December 1, 2010
TechCrunch first reported back in June that Internet Explorer 6 (IE6) usage had dropped below 5%, and with the much anticipated IE9 just released in its beta version, IE6 usage is expected to decline even more. Developed almost a decade ago in 2001, IE6 has long been considered on its way out. In fact, Many major internet services like YouTube, Digg, Facebook Chat, Gmail and other Google Apps have already dropped support of IE6 because of it's limited functionality. But why the decline in IE6 usage and support? Well, for one thing, it's outdated: better, faster browsers like Firefox and Google Chrome can be downloaded for free, and IE7 and IE8 have been available as upgrades for years. Unlike these
browsers, IE6 isn't compatible with web-enhancing features like CSS v2 (Cascading Style Sheets) and PNG images with alpha-transparency. CSS and PNG Transparency enhance a website's design, but unfortunately cannot be displayed properly in IE6, often causing artistic, beautifully designed websites to appear sloppy.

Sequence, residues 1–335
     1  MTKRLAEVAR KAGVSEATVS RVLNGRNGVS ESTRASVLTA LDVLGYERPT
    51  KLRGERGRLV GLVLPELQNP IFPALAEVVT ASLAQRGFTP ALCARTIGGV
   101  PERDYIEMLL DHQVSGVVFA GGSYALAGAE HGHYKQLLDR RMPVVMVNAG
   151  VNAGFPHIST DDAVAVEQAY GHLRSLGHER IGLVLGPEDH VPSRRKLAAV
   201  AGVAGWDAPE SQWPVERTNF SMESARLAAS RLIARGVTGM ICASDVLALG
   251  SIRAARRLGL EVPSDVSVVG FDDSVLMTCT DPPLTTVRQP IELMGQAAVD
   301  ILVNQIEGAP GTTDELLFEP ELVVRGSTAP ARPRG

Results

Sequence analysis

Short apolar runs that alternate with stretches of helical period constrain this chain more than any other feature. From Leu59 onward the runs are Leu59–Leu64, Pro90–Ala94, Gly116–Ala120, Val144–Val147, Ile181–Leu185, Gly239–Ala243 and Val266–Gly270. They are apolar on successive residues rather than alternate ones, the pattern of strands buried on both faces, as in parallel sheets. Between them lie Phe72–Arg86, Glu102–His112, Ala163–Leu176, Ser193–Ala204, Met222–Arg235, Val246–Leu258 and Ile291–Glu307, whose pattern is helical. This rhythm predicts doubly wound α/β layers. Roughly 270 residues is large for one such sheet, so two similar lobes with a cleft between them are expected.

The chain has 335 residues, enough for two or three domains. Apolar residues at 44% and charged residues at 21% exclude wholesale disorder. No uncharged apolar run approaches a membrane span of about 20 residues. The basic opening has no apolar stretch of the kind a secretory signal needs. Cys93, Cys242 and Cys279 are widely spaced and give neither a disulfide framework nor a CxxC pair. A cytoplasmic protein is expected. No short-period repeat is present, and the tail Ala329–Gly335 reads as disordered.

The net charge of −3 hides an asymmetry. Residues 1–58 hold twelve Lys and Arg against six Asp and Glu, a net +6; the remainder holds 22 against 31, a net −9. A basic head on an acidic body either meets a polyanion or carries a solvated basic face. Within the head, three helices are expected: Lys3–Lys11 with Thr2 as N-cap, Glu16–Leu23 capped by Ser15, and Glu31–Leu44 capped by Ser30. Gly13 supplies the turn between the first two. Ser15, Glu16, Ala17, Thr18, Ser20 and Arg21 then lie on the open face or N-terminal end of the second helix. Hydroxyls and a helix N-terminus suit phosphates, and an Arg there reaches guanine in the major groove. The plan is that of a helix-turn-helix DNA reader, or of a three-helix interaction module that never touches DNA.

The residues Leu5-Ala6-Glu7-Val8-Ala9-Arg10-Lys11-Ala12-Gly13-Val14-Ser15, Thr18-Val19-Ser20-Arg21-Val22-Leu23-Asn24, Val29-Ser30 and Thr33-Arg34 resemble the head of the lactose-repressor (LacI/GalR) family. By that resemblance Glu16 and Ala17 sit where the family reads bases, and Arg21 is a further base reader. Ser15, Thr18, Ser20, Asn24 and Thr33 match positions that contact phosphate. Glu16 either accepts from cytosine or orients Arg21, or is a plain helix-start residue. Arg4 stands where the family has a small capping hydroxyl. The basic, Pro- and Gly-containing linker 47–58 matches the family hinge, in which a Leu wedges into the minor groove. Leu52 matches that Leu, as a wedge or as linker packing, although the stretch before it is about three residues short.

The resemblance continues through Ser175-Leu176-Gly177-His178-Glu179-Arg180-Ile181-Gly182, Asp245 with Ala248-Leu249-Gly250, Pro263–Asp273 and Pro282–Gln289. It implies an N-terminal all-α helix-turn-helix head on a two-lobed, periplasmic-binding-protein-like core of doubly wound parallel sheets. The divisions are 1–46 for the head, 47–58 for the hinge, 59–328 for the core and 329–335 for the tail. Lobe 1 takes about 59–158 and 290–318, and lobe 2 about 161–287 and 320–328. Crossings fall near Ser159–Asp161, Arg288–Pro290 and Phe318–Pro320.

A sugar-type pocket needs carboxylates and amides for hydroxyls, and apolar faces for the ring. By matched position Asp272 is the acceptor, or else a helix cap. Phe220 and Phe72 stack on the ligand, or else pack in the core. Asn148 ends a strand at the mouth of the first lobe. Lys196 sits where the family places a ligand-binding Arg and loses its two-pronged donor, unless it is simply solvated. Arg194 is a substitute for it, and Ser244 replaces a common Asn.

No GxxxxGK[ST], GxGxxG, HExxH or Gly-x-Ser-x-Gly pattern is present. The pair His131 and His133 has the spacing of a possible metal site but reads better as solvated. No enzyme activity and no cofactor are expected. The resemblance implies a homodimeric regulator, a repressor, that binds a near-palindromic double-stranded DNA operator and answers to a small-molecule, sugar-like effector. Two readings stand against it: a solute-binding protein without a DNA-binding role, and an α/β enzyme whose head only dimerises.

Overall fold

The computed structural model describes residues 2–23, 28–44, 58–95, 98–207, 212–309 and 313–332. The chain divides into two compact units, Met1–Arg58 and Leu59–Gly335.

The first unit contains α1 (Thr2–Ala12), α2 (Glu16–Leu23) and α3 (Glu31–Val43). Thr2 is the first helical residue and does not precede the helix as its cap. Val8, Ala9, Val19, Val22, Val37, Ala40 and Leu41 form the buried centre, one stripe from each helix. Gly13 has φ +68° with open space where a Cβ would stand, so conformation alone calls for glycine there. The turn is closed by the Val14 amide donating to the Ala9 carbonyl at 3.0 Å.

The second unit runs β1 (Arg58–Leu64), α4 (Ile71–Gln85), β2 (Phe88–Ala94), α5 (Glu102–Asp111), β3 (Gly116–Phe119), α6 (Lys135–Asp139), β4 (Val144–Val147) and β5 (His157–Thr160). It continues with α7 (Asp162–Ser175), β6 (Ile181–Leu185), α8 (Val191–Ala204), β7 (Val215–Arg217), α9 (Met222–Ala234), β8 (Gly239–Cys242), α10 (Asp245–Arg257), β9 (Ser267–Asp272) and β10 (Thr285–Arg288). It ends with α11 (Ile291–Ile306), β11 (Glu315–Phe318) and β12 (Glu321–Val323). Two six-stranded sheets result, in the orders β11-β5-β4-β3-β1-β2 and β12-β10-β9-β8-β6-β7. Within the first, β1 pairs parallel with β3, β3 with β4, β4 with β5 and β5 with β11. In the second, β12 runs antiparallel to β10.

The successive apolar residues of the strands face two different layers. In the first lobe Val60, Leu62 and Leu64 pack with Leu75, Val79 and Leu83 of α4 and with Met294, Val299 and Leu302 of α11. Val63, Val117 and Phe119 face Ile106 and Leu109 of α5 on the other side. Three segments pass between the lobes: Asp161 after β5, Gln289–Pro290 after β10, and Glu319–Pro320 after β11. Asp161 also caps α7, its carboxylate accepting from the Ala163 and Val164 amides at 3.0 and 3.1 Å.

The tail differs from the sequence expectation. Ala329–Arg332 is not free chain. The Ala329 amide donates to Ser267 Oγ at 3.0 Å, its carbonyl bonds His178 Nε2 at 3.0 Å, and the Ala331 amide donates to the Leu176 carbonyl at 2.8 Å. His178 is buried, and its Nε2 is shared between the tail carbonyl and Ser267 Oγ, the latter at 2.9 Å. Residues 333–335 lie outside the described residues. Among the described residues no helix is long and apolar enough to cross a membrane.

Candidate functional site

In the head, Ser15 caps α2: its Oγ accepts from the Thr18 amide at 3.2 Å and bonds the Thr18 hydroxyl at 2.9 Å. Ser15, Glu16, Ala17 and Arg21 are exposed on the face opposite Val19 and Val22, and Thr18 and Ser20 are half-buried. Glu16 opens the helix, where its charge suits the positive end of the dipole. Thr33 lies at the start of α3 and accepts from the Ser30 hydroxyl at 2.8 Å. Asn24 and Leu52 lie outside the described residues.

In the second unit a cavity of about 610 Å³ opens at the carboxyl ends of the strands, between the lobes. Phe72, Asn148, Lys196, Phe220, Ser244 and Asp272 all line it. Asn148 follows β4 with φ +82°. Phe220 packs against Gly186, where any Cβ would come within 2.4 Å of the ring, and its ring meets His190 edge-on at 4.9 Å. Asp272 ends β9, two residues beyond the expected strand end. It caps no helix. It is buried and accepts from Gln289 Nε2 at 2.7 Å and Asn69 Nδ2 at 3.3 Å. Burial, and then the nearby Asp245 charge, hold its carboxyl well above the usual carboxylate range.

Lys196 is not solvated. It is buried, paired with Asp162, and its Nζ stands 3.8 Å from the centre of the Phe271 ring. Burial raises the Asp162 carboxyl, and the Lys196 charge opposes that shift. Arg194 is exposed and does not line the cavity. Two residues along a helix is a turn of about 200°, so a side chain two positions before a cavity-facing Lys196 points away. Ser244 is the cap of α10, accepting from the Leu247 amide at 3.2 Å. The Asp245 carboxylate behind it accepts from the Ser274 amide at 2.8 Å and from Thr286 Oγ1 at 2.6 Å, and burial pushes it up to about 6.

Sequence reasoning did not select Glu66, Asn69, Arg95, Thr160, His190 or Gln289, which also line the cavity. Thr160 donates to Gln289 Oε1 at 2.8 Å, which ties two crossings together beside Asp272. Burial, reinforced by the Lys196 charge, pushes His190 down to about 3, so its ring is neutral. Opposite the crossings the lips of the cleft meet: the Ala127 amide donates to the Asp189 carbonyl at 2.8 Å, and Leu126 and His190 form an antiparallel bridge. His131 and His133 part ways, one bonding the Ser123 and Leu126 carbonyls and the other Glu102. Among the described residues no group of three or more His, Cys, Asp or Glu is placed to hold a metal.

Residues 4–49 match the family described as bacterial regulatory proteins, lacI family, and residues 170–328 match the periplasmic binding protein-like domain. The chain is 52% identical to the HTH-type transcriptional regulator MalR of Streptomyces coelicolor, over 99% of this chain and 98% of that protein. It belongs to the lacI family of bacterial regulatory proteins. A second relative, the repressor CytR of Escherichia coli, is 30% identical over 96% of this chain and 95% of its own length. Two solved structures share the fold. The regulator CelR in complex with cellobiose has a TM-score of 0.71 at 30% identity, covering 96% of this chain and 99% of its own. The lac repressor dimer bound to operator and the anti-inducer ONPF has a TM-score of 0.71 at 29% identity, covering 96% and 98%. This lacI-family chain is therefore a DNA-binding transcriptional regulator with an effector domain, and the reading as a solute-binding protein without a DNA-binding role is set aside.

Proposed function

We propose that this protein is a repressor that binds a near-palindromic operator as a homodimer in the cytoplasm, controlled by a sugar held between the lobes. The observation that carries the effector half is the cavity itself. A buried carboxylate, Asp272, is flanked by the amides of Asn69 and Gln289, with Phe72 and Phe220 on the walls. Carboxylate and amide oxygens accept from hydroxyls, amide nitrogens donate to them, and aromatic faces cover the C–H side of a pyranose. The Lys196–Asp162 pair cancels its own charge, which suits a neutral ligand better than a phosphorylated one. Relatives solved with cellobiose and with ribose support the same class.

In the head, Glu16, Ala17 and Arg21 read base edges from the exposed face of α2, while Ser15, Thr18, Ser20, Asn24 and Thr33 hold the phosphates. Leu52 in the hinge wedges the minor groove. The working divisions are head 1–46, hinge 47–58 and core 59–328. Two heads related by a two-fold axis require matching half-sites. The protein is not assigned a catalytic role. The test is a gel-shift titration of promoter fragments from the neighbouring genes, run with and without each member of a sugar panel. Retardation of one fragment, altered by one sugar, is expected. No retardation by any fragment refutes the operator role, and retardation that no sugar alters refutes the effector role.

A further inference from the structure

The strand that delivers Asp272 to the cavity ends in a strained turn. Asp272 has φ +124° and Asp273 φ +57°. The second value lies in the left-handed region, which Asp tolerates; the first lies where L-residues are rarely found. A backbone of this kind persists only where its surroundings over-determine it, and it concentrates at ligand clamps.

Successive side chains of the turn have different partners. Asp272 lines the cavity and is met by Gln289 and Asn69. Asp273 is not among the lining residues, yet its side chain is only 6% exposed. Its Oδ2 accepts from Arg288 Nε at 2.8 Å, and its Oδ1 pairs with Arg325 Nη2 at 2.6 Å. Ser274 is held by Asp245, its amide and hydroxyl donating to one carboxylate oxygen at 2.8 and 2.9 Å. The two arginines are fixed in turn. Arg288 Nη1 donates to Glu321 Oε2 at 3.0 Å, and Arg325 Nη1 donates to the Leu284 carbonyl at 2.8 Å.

It's also been known to present a number of security risks. (In early in 2010, a group of hackers in China used a vulnerability in IE6 to hack into Google, along with over 20 other major companies.) In fact, Microsoft itself, the company behind IE6, has recommended that users upgrade to newer versions of the browser in order to prevent attacks.
As web design and applications become more advanced, IE6 will soon become obsolete. Have you upgraded yet?
To learn more about the decline of IE6, please read Microsoft Celebrates IE6 Decline, IE8 Growth.
Article by: Lindsey McColl